My dad wasn’t at my wedding. He had died 10 weeks before, his body riddled with cancer and his face ravaged by radiation. My grief swelled and receded in unpredictable rhythms over the next four years, but it wasn’t until I had my first baby girl that a terror awoke which I hadn’t realized was sleeping on the ocean floor.
Her porcelain infant face reflected a soft glow from the nightlight as I held her at 2am. It occurred to me suddenly that I could not promise her that everything would be okay. I could not promise her that I would be at her wedding day. I did not know for sure that I would watch her grow up or cheer her on from the stands.
My entire chest clenched tight as my breath staggered. My dad would never hold her.
I prayerfully pleaded through sobs and gasps, God please let me watch her fall in love. Please God, let me walk with her and hold her and wipe her tears. I want to hold my grandchild. Her entire life flashed before my eyes and I wanted to grab it tight, to know with certainty I would be a part of every moment, to never hurt her by leaving her. I knew that I could not promise that to her, that God would not promise that to me, and so I cried uncontrollably in anger and fear.
Her sweet little eyes did not even open.
In the dark, floating on a gliding chair, God spoke the promise I needed to hear. My baby girl is His daughter, carefully created with delight and intention. He set her spirit loose from heaven and into my arms because she and I belonged to each other. Her spirit and mine were destined to dance, and holding on to one another see time and again the loving and tender heart of God. He has written the beautiful story of her days in a sacred book, and would not turn His eyes from her for a single one of them. The love I hold for her, though it can barely be contained by my body, could only faintly echo the song He sings over Her. His steadfast love and enduring faithfulness would surround her all of her days.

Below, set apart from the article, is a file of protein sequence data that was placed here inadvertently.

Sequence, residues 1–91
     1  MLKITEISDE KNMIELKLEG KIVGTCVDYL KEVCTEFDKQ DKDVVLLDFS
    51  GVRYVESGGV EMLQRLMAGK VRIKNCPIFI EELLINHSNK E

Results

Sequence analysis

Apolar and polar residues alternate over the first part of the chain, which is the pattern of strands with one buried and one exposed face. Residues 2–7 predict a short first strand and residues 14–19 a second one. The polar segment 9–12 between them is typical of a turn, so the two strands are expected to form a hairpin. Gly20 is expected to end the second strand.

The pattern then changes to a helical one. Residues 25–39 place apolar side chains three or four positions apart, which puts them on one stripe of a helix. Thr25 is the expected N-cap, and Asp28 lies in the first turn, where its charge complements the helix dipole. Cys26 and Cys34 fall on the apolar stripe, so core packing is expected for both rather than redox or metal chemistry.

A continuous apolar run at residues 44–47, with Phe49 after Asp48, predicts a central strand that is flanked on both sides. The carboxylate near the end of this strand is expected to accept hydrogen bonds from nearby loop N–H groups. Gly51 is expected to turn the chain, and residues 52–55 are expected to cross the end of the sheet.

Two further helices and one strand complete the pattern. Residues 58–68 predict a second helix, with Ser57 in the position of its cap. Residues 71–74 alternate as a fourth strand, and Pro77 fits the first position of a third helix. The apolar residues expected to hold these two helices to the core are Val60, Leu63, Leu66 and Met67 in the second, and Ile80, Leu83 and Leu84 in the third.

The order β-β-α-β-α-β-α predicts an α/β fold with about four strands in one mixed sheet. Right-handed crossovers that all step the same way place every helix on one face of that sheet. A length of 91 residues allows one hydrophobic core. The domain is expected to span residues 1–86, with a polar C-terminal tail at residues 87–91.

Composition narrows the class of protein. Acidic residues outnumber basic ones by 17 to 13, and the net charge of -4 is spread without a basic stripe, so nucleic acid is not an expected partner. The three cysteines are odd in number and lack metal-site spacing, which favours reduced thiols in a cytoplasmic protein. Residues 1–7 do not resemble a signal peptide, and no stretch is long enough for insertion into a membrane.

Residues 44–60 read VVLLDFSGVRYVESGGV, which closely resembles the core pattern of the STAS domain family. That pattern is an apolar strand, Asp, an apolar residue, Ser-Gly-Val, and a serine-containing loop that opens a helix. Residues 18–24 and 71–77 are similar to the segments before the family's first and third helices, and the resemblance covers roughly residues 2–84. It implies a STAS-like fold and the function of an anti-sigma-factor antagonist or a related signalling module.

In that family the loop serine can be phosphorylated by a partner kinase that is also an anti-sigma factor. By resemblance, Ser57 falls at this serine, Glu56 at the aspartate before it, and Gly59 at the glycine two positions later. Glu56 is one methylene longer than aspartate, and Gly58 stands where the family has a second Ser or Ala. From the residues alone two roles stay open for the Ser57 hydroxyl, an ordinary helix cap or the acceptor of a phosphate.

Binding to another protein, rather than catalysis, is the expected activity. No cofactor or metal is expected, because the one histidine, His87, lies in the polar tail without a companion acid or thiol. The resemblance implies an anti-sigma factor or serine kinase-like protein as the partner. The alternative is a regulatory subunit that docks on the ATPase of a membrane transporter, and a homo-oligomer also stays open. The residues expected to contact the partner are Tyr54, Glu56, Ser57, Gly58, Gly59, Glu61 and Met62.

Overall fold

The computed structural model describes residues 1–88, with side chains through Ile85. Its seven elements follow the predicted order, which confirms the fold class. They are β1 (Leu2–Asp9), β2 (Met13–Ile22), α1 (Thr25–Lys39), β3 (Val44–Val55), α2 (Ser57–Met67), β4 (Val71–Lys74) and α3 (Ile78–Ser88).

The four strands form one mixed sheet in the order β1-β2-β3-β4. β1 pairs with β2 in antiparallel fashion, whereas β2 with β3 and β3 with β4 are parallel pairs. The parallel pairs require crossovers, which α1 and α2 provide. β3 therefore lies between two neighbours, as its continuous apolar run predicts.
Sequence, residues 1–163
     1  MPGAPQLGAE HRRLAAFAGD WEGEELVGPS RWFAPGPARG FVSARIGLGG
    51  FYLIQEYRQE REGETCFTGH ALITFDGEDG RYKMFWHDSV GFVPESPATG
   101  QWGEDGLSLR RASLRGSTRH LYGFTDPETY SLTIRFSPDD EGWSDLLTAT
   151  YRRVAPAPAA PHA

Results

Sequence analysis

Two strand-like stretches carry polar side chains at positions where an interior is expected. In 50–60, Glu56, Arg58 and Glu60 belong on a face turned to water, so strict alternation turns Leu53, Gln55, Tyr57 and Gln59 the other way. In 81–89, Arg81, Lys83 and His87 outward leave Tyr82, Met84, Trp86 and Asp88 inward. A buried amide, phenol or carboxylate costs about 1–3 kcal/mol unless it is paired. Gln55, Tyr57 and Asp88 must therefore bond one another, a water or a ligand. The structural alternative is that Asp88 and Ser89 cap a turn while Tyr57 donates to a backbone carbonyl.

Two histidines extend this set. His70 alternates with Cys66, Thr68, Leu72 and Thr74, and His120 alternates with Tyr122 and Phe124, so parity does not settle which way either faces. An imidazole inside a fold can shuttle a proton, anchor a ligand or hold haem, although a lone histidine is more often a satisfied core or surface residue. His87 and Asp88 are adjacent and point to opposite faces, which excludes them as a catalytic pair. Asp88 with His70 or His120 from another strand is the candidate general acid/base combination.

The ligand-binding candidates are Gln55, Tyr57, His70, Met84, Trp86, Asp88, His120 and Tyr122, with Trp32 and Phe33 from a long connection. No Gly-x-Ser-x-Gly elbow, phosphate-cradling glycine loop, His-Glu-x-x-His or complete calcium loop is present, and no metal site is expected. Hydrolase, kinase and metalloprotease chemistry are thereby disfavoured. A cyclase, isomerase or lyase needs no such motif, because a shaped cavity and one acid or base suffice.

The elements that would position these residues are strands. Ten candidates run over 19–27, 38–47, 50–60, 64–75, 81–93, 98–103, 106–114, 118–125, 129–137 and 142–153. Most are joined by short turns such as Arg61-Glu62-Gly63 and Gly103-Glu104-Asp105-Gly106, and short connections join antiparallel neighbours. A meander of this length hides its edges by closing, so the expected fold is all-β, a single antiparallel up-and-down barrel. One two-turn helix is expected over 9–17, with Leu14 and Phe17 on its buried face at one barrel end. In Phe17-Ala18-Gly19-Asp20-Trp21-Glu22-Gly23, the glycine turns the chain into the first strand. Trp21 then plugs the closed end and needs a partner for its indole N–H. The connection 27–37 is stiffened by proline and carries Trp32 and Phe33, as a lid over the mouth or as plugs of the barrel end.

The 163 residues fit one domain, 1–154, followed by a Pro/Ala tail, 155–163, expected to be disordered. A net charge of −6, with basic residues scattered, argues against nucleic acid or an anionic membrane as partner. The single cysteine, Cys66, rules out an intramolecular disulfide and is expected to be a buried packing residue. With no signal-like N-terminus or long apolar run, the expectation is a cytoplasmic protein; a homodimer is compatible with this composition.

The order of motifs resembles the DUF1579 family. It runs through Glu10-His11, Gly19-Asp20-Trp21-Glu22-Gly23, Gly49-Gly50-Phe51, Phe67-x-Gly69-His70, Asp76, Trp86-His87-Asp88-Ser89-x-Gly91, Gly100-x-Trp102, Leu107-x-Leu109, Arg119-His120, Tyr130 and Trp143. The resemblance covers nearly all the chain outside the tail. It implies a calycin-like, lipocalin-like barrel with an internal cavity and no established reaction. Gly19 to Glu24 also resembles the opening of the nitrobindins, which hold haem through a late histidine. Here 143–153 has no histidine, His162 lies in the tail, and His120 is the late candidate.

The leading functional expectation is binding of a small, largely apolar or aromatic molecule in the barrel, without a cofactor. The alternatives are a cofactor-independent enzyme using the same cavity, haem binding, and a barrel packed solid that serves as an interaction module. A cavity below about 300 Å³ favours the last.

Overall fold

In the painful knowledge that I could not protect my daughter, or possess the lights and shadows of her life ahead, my fear of the promises God would not make to us gave way to the comfort of the promises He will never break. He will love her, provide for her, and never leave her. I didn’t surrender my daughter to God that night, I acknowledged in my soul that she has always been His and always will be. I cannot promise her I will always be there for her, but she and I can claim together the promise that God will. I can only hold out for her the hope of the love that I’ve experienced from God myself, so I let it wash over my weary mother’s soul.
I hold my daughter with confidence these days, her body much larger as her legs drape over the side of the couch. I hold her as a loving mother without fear for her future, because I know I am holding a beloved soul in my fragile and beloved arms.